Biigtigong Nishnaabeg First Nation, Ontario ($5M prize)
Bridgewater, Nova Scotia ($5M prize)
Cree Nation of Eastmain, Quebec ($5M prize)
Mohawk Council of Akwesasne, Quebec ($5M prize)
Yellowknife, Northwest Territories ($5M prize)
Airdrie and Area, Alberta ($10M prize)
Communities of Nunavut, Nunavut ($10M prize)
Côte Saint-Luc, Quebec ($10M prize)
Greater Victoria, British Columbia ($10M prize)
Guelph and Wellington County, Ontario ($10M prize)
Parkland, Brazeau, Lac Ste Anne and Yellowhead Counties, Alberta ($10M prize)
Richmond, British Columbia ($10M prize)
Saint Mary’s First Nation and Fredericton, New-Brunswick ($10M prize)
Saskatoon, Saskatchewan ($10M prize)
The Pas, Opaskwayak Cree Nation, and Kelsey, Manitoba ($10M prize)
Edmonton, Alberta ($50M prize)
Montreal, Quebec ($50M prize)
Quebec City, Quebec ($50M prize)
Region of Waterloo, Ontario ($50M prize)
Vancouver and Surrey, British Columbia ($50M prize)
More than 200 communities, large and small, from across Canada responded to the Challenge, submitting ideas that have the potential to improve their communities in areas such as reconciliation, protection of Indigenous language and culture, food security, better education and health for youth and children, and affordable housing.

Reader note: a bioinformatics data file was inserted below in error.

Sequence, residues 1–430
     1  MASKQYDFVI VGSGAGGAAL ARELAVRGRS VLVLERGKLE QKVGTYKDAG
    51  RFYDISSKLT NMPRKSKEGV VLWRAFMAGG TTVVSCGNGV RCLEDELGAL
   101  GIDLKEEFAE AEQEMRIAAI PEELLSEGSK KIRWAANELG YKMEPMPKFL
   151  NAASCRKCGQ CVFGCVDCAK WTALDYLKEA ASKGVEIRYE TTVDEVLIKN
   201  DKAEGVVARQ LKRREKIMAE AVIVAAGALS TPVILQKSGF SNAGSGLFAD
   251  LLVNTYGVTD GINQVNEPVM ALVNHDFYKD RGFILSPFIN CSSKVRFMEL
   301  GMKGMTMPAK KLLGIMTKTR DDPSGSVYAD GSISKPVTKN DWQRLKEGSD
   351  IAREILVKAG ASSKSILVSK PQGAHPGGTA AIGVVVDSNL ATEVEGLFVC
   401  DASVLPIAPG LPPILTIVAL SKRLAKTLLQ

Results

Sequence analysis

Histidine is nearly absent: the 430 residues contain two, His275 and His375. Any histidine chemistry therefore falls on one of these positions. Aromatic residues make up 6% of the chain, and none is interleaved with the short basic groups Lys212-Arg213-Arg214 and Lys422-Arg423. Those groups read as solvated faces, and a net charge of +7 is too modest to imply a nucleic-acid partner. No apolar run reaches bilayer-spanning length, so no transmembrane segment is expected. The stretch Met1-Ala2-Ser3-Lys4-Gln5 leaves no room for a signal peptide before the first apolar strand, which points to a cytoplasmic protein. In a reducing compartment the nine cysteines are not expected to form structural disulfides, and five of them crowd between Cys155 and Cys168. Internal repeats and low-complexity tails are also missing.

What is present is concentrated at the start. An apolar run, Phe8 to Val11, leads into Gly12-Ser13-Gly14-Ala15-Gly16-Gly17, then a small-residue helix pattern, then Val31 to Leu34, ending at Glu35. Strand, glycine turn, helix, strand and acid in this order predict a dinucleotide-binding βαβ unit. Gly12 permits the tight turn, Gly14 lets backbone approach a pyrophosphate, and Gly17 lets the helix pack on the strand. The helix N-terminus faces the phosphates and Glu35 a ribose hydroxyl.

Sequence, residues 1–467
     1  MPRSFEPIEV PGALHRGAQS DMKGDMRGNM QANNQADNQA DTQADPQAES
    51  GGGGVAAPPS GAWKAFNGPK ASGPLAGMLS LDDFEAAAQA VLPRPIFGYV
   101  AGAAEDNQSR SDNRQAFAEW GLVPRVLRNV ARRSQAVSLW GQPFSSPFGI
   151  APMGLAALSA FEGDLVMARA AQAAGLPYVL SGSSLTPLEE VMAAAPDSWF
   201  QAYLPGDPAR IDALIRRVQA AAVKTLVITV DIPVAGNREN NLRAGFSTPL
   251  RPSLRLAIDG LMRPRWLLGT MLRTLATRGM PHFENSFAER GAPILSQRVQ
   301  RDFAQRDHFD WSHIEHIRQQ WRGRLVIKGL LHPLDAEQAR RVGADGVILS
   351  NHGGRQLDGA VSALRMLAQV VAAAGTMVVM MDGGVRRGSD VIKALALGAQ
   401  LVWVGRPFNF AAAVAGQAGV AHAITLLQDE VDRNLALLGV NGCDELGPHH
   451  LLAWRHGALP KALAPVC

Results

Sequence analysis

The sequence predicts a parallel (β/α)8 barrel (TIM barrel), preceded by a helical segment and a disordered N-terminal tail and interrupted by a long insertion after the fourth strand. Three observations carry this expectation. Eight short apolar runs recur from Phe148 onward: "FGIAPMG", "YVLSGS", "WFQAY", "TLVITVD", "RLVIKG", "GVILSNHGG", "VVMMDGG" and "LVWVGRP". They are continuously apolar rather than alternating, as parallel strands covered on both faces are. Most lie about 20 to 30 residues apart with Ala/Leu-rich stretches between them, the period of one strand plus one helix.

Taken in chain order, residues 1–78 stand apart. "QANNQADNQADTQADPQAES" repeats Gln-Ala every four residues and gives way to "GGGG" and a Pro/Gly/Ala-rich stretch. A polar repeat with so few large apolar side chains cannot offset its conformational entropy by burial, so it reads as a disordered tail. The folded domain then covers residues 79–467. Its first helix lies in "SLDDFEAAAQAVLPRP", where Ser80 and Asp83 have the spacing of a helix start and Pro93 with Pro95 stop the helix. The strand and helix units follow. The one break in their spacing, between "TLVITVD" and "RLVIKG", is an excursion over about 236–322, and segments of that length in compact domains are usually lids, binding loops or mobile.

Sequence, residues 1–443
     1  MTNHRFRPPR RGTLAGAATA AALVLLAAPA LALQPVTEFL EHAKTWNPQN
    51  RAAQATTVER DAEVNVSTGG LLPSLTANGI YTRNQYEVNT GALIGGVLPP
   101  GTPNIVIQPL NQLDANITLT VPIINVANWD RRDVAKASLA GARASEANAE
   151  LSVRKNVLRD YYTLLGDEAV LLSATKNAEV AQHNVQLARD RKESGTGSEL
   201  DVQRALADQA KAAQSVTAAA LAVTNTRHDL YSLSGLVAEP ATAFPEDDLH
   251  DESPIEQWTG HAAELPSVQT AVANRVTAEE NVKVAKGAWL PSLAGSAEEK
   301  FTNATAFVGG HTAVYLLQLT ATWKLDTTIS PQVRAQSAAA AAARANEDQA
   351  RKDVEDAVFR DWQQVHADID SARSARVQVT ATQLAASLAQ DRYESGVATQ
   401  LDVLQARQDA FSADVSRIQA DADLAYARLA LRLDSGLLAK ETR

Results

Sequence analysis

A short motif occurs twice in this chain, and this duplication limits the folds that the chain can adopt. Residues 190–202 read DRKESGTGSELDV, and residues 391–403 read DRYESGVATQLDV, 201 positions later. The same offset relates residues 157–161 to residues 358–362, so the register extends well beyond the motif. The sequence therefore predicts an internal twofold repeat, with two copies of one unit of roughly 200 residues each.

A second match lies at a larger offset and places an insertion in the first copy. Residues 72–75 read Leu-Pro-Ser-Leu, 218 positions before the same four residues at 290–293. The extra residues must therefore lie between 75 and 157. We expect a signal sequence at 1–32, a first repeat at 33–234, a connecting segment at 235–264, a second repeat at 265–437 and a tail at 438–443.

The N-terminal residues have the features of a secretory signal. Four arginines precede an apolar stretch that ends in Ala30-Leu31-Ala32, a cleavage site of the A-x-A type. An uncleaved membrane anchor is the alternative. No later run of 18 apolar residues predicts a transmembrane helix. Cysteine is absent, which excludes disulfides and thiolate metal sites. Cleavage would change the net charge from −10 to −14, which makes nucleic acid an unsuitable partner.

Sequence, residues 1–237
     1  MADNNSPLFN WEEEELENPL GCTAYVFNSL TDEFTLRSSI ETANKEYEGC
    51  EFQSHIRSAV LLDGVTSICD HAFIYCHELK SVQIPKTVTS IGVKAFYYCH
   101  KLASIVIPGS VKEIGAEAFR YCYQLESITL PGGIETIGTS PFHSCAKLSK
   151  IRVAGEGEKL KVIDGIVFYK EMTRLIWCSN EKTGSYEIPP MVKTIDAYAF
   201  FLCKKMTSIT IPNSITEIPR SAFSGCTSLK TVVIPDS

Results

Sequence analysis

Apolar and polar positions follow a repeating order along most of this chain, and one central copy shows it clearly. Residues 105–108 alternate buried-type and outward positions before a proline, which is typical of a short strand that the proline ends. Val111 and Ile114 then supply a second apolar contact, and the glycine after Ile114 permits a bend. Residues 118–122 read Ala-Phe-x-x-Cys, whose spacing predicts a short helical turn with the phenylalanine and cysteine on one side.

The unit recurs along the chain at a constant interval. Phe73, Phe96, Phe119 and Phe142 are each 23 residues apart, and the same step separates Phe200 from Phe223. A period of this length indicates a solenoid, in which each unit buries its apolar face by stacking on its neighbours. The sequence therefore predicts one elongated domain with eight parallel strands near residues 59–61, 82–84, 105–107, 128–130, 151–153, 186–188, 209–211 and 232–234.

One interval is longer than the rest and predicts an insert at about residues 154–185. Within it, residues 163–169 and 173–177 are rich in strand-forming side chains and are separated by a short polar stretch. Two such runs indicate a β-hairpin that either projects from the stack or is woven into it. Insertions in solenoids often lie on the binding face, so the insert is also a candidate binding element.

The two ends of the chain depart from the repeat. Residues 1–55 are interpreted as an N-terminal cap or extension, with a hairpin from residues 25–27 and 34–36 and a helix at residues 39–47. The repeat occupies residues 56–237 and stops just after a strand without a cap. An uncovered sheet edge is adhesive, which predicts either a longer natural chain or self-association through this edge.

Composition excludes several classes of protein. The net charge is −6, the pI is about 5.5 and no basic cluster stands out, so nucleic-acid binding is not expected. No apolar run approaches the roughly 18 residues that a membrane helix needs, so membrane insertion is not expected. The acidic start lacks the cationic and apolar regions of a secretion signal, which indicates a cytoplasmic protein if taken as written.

Summaries of the finalists’ applications, along with their Challenge Statements and the evaluation criteria are posted on the Impact Canada website.
Each finalist will receive a grant of $250,000 to further develop their ideas into final proposals that outline all design, planning, privacy, data protection and project management components of their plans.
Four winners will be announced in spring 2019.
one prize of up to $50 million, available to all communities;
two prizes of up to $10 million, available to all communities below 500,000 residents; and
one prize of up to $5 million, available to all communities below 30,000 residents.